If western journalists are hesitant to report about Africa, unable to find a ‘bridge’ character, or unwilling to report stories outside of cliché’s like ‘Africa rising’ or ‘darkest Africa’, then it is up to Africans themselves to fill the gap with informed, comprehensive and important news, and this is what Chop Cassava did through film.
4. There has been quite a lot of talk about African science fiction in film and literature at the moment. Could you tell us something about this and which African films would you say fit into this category?
There has been a bit of a tide of sci-fi at the moment, indeed. In the UK at least, it was triggered by Al Cameron and Nav Haq’s exhibition at the Arnolfini in Bristol, ‘Superpower: Africa in Science Fiction’ The exhibition was an interesting assembly of moving image works that conterminously critiqued ‘Africa’ and ‘science fiction’ as a set of ideas. No doubt contributing to the rise of African sci-fi was Wanuri Kahui’s film Pumzi and the Southbank’s recent African sci-fi screening as part of its African Utopia season. There are some links to the musical and theoretical notions of afro-futurism too, although I’d argue that the Arnolfini exhibition took a difference approach to those taken by say, writers and artists like Kodwo Eshun, or indeed Missy Elliot.
5. What are your top three classic African films?
In no particular order, I’d choose Touki Bouki by Djibril Diop Mambety, a surreal, witty, beautiful film draped in symbolic images, a true road movie. It follows the love story of a young couple, Mory and Anta. Next, undoubtedly Lionel Rogosin’s Come Back Africa, a truly astounding bit of covert fiction filmmaking made by Rogosin during Apartheid in South Africa. The script was co-written by the Drum magazine writers, and its not only a harrowing narrative, but a lasting document of Sophiatown, the township that was razed to the ground very soon after the film was made. Third, I’ll choose Octobre by Abderrahmane Sissako, a black and white film shot in Moscow (another love story) which contemplates the relationship between African students in Russia and the ‘socialist friendship’ that was extended to many African countries on the brink of, or soon after independence.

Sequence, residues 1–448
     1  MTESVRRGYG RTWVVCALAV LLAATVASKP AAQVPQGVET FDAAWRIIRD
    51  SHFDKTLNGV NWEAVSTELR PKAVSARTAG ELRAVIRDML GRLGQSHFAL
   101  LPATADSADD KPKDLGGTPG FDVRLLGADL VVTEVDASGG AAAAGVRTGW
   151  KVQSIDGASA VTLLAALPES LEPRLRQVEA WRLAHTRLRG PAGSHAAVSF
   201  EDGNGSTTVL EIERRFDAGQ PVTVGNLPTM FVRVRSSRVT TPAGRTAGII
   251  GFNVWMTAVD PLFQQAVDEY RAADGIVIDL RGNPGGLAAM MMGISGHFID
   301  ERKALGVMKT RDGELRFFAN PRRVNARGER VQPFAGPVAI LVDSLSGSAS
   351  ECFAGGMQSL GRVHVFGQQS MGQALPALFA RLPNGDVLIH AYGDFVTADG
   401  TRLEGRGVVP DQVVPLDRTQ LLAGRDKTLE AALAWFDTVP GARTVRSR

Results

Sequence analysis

6. What are the three most interesting African films you have come across in 2012 – fiction or documentary?
A tough question! I was very impressed by Dear Mandela, by Dara Kell and Christopher Nizza. Its a documentary that follows a group of people defending informal settlements in South Africa. Its quite a surprising film, it seems to follow a conventional documentary format, but momentarily it shifts its visual register, and beautiful, slightly slowed down sequences show life in the settlements with amazing visual sensitivity.
Next, a film I haven’t seen yet but I’m awaiting eagerly; Searching for Sugarman by Malik Bendjelloul.
And finally, I’d say The 9 Muses by John Akomfrah. His address of migration, collective history and myth has been particularly interesting for me this year, particularly in the light of the devastating reports of migrants left to die in the Mediterranean ocean. Akomfrah’s film seemed to offer an attentive, historical and mythical commentary on migration. Perhaps as an interesting counterpoint to Akomfrah’s film, I’d recommend watching some of the films made by the ZaLab collective in Italy, who in collaboration with the Archive of Migrant Memories, are documenting the stories of migrants leaving North Africa for Italy and Spain in the last year.
To keep up-to-date with the conversation about African cinema, follow Basia on the blog ‘mishearances’ and Film Africa 2012(coming to London this November).